In this definitive socio-political analysis of the Tea Party, Anthony DiMaggio examines the Tea Party phenomenon, using a vast array of primary and secondary sources as well as first-hand observation. He traces the history of the Tea Party and analyzes its organizational structure, membership, ideological coherence, and relationship to the mass media. And, perhaps most importantly, he asks: is it really a movement or just a form of “manufactured dissent” engineered by capital? DiMaggio’s conclusions are thoroughly documented, surprising, and bring much needed clarity to a highly controversial subject.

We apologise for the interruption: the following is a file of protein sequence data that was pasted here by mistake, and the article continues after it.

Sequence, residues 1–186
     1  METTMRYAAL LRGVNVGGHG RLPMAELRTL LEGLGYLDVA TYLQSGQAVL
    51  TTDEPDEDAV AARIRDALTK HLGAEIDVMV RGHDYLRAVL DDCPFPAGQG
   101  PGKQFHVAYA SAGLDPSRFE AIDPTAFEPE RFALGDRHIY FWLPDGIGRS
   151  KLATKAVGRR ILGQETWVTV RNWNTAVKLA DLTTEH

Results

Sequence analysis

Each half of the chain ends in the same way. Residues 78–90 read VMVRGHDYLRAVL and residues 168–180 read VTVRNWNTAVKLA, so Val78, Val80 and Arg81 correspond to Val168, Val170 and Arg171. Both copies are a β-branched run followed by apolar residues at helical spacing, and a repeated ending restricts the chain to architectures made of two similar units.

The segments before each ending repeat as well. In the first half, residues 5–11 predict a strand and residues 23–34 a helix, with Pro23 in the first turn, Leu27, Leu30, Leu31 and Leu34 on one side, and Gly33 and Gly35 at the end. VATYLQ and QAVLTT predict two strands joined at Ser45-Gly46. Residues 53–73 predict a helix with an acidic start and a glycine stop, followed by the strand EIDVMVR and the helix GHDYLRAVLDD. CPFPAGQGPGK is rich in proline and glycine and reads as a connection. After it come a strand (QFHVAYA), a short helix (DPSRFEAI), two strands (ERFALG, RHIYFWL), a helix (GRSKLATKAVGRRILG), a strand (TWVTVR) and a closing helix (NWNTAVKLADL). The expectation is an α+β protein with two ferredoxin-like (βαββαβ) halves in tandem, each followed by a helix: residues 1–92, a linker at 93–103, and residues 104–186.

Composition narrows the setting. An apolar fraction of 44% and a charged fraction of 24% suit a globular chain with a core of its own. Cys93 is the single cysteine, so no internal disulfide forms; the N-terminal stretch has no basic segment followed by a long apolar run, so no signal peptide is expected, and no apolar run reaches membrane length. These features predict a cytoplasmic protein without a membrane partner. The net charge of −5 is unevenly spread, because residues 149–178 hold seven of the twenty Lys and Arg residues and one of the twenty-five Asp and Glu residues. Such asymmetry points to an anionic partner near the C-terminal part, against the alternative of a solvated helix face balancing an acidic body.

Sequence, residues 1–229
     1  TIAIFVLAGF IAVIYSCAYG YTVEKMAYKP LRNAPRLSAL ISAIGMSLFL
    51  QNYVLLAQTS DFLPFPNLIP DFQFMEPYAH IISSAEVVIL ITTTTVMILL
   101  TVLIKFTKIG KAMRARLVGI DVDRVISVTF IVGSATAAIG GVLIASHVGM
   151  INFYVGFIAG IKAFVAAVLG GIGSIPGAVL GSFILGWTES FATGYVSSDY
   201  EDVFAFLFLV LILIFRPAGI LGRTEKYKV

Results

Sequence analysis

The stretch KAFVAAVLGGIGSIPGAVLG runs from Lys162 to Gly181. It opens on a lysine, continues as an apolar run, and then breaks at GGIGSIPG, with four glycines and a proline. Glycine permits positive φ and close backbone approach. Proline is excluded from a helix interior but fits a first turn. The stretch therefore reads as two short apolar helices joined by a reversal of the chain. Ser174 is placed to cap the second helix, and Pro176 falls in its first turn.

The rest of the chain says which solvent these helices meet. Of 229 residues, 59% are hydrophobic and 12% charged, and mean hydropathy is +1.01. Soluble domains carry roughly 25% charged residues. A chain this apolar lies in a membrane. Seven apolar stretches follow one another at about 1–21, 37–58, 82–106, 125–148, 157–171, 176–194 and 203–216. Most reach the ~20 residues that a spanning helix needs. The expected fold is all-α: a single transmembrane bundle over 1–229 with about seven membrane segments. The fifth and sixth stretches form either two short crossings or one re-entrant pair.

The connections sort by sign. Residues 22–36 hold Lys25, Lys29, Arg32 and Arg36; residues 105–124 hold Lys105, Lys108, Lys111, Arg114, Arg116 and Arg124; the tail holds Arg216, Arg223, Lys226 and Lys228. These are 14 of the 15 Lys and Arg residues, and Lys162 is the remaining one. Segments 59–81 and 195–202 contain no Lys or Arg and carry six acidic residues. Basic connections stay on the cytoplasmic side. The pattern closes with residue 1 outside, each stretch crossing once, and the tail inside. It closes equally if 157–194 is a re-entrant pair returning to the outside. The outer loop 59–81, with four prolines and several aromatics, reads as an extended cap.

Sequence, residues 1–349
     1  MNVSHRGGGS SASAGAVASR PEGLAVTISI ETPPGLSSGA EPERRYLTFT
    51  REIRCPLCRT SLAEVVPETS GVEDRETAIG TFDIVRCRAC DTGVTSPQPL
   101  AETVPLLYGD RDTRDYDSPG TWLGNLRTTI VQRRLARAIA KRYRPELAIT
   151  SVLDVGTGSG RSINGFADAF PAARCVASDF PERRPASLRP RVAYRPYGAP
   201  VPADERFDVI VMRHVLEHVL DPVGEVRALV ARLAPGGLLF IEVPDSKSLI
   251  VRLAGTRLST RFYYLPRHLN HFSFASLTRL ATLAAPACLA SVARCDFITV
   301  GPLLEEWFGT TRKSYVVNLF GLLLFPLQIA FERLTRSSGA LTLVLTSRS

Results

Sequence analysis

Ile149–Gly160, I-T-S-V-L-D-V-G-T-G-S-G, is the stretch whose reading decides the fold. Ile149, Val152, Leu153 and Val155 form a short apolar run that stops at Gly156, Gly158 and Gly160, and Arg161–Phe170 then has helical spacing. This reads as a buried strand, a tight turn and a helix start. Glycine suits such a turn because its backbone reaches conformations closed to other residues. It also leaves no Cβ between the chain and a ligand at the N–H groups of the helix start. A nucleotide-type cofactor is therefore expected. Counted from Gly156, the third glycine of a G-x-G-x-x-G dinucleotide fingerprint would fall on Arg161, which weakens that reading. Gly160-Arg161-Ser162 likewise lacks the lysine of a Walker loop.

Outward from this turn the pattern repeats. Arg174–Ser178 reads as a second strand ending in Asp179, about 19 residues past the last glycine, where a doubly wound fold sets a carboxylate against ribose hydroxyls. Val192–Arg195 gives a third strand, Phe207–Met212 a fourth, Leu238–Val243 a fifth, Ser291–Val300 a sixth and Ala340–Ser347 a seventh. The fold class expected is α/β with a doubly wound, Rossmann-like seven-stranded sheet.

In this fresh and provocative book, Anthony DiMaggio uses the war in Iraq and the United States confrontations with Iran as his touchstones to probe the sometimes fine line between news and propaganda. Using Antonio Gramsci’s concept of hegemony and drawing upon the seminal works of Noam Chomsky, Edward Herman, and Robert McChesney, DiMaggio combines a rigorous empirical analysis and clear, lucid prose to enlighten readers about issues essential to the struggle for a critical media and a functioning democracy. If, as DiMaggio shows, our newspapers and television news programs play a decisive role in determining what we think, and if, as he demonstrates convincingly, what the media give us is largely propaganda that supports an oppressive and undemocratic status quo, then it is incumbent upon us to make sure that they are responsive to the majority and not just the powerful and privileged few.